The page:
Should Your Soul Rise Up to Heaven Before the Devil Knows You're Dead
Castor Gallery Downtown is pleased to announce “Should Your Soul Rise Up to Heaven Before the Devil Knows You’re Dead” a solo project by Erik Foss. The project will run from September 6th - October 7th, 2017 with an opening reception on Sept 6th at 254 Broome St NY from 6-9 PM.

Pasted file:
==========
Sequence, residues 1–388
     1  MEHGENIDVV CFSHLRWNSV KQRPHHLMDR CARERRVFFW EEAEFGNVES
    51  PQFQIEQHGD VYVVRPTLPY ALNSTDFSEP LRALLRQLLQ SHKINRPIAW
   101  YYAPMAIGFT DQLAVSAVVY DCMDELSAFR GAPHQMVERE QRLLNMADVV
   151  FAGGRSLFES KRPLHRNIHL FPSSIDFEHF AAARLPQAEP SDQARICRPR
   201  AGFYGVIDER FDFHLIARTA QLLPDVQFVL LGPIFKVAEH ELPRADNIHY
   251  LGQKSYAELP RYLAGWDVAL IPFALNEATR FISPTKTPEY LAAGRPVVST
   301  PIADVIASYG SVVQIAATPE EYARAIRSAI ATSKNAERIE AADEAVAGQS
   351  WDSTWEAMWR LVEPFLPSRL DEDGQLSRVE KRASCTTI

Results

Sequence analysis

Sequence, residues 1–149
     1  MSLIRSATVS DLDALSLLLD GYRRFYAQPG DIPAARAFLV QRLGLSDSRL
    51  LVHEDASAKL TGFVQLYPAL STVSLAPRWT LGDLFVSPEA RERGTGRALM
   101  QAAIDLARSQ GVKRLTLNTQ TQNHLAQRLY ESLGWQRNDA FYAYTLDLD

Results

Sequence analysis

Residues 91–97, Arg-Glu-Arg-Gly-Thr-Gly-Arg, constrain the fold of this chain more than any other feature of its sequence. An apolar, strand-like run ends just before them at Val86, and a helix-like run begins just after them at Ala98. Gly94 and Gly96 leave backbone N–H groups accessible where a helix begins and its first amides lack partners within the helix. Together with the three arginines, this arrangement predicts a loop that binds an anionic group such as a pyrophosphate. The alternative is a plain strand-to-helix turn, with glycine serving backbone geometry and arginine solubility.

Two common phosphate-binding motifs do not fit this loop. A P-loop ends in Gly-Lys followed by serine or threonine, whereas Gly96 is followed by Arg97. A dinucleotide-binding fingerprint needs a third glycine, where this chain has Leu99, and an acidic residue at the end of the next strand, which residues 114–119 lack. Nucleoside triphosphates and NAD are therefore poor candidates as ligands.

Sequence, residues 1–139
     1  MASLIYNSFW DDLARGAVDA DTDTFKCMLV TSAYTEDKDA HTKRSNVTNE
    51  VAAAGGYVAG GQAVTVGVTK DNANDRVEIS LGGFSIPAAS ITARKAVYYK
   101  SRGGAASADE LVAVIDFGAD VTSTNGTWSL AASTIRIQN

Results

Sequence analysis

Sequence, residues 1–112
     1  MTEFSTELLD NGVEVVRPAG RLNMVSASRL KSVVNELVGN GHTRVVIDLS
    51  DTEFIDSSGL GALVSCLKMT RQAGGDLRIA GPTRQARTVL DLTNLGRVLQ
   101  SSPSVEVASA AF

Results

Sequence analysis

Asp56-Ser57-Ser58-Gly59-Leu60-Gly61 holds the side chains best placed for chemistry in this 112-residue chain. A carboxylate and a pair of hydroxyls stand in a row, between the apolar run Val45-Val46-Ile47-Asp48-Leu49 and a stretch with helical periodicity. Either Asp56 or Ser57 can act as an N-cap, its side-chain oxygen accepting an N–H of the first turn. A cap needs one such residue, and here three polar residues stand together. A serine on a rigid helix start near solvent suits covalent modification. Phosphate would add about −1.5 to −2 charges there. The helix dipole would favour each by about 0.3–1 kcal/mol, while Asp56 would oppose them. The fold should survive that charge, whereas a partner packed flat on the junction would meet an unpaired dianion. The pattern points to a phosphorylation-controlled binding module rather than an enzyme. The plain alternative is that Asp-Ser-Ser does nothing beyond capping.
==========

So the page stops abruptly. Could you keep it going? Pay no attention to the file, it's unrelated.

Castor Gallery Downtown is pleased to announce “Should Your Soul Rise Up to Heaven Before the Devil Knows You’re Dead” a solo project by Erik Foss. The project will run from September 6th - October 7th, 2017 with an opening reception on Wednesday September 6th at 254 Broome St NY, NY from 6-9 PM. Foss will take over the galleries lower level space where he will present new works. Following the opening Foss will use the lower level as a open studio space making new large scale paintings which will be debuted at the end of the month. After 20 years of living and working in New York City, Foss continues to regress to his childhood pop culture encounters. On the surface these may appear in reoccurring iconography or here as references rooted in “Sci Fi.” The motifs share commonality with the dark undertones of his musical inspirations having lasting consequences expressed in these paintings. Similarly, what may present abjectly as beautiful - reveal to be visual explorations of loss. In the artist’s words “after a long year of more than one very close friend passing, I started thinking deeply about loss. Specifically what this might look like on a canvas.” Following Foss’ new “Drone” painting series, this body of work continues to explore this concept. While seemingly more abstracted, they continue to approach the “actual visual illustration of loss” for the artist in their making and continued exploration. The title of the show, a Nick Cave lyric, might question the idea of higher power and over punishment for the lives we’ve lived but its also an idea that maybe some things aren’t to be questioned, but ultimately obeyed in our short time. The same immediacy is felt in the influence of such lyrics of songs on the subject matter at hand, titles of the works, and visual fervor of the paintings overall.